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  28. >The sharing of stories like yours is so important to the community of mothers. So often, we want to cover up our struggles, certain that we’ve struggled alone. But that’s just not true. I appreciate your transparency and willingness to open your heart. I had PPD with both of my children and know how debilitating it can be. The first time around, I didn’t know anyone else who had had PPD, and that made it all the worse. The second time, I had a network of support and knew that I wasn’t alone.Thanks for your honesty.

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  29. >Wow, what depth of inner turmoil. Oh how I ache for women with PPD. I never had it with my two. But my battle of going crazy is there. Other things that drive me deeper into depair. I am so thankful we have a God who holds us and never lets us go. Thanks for sharing your heart and for praying for me with my PACE study. Appreciate you.

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  30. >Jen from Jax – Thank you. I agree with your statement about the quiet calm of extreme feelings. I did experience that, but then I also felt horrible anxieties and panic attacks that I’ll go into later as well as rageful moments.

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  31. >Those feelings are real. AND whether every mother would be so brave as to admit…has had similar fears and feelings. Even though it has long since past my days of youthful childbearing years…I still vividly remember the “what-if-syndrome” that I myself endured. But God was there—with this inexperienced mother–of 21. Now my girls have boys of their own. I pray that they will not have the feelings of “hopelessness” and “helplessness” that we sometimes feel…especially thinking that *everything* must be done PERFECT. It doesn’t. Feed ’em, Change ’em, Love ’em. At all times. The way the Lord does us.You are an incredible writer! I am indeed blessed to have been here!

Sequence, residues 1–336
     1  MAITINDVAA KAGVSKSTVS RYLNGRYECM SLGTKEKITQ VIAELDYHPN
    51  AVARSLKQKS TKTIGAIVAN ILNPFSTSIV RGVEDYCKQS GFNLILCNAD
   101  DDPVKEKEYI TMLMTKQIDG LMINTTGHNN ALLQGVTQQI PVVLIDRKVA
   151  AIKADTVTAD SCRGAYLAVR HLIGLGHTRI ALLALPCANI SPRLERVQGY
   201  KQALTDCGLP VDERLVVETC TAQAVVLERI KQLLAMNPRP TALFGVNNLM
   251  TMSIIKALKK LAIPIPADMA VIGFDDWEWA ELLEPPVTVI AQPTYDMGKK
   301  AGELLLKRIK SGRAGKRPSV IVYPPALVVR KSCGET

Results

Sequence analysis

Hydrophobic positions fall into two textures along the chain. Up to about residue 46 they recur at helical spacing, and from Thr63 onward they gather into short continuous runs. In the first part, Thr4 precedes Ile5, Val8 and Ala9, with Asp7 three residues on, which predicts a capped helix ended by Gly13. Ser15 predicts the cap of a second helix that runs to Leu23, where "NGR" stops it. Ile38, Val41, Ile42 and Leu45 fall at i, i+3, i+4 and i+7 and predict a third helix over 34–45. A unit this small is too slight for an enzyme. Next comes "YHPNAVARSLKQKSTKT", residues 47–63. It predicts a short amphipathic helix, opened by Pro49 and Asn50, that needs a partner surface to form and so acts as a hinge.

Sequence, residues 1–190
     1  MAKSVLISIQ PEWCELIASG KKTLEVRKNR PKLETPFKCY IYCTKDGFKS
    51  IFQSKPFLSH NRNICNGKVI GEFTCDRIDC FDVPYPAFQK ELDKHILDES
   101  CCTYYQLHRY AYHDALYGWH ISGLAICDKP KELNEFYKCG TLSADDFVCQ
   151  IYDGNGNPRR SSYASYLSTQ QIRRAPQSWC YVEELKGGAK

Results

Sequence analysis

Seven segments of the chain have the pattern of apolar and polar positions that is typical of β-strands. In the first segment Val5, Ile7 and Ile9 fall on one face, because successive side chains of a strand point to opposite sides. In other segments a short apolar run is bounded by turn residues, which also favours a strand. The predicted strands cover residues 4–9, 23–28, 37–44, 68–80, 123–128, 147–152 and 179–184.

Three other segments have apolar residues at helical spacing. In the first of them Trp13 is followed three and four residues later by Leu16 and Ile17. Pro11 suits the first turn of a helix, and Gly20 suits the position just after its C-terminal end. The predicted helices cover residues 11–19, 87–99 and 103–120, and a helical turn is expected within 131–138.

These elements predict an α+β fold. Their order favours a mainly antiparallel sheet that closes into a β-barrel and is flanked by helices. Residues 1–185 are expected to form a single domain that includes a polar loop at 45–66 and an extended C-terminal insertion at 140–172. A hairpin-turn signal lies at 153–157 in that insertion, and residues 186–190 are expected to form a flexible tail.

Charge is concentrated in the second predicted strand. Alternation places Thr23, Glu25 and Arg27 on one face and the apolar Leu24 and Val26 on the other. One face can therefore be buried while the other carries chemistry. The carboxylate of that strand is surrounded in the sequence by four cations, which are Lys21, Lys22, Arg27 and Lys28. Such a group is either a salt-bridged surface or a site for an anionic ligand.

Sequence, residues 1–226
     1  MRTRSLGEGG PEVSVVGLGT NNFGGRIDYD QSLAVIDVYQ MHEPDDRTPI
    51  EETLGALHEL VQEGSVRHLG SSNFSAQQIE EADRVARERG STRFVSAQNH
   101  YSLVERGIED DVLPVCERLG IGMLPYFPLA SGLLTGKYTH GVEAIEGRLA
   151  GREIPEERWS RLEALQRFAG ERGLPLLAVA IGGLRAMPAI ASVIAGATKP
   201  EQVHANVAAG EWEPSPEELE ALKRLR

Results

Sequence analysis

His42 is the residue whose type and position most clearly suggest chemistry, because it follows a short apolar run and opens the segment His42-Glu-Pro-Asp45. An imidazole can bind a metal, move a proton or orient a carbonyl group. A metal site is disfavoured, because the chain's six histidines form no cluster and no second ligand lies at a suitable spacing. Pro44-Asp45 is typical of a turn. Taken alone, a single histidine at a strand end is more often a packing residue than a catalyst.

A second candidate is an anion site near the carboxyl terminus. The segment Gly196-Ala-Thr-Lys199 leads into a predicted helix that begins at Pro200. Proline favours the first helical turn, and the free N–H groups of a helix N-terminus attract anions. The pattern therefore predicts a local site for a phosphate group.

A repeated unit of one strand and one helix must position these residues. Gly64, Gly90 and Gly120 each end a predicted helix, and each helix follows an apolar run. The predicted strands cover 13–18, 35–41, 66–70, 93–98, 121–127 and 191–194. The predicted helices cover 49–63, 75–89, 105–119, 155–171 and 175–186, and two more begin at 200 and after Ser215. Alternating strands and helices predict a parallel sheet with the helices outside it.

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  32. >I came to your site from Boo Mama’s. Wow. Thanks for sharing your heart. I just wrote a book about the first year of motherhood (Changing Your World One Diaper at a Time, Harvest House), and several friends shared their PPD stories with me. (I put 2 in the book.) They so wanted to help other moms who feel alone going through this! Good for you!!

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  33. >I think it’s wonderful that you are able to share your story to help others. Thank you for listening and obeying the Spirit’s prompting in your heart!

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  34. >I saw your blog thru my friend, the Motherboard. First, may I say that you write beautifully! Second, thank you for speaking out about Potpartum Depression. I have had very similar experiences as yours and was afraid to admit i to anyone. I finally asked for an antidepressant when i was expecting baby #3 and it helped. I recently wrote about dealing with depression on my blog, if you interested in reading it.Thank you